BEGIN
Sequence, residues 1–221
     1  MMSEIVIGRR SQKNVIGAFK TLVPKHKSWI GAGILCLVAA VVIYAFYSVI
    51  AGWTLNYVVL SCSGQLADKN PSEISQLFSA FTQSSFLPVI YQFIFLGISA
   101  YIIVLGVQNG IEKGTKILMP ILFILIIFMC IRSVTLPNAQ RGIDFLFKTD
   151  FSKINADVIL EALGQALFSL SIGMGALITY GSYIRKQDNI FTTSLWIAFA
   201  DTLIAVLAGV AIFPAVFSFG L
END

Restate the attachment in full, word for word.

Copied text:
Sequence, residues 1–221
     1  MMSEIVIGRR SQKNVIGAFK TLVPKHKSWI GAGILCLVAA VVIYAFYSVI
    51  AGWTLNYVVL SCSGQLADKN PSEISQLFSA FTQSSFLPVI YQFIFLGISA
   101  YIIVLGVQNG IEKGTKILMP ILFILIIFMC IRSVTLPNAQ RGIDFLFKTD
   151  FSKINADVIL EALGQALFSL SIGMGALITY GSYIRKQDNI FTTSLWIAFA
   201  DTLIAVLAGV AIFPAVFSFG L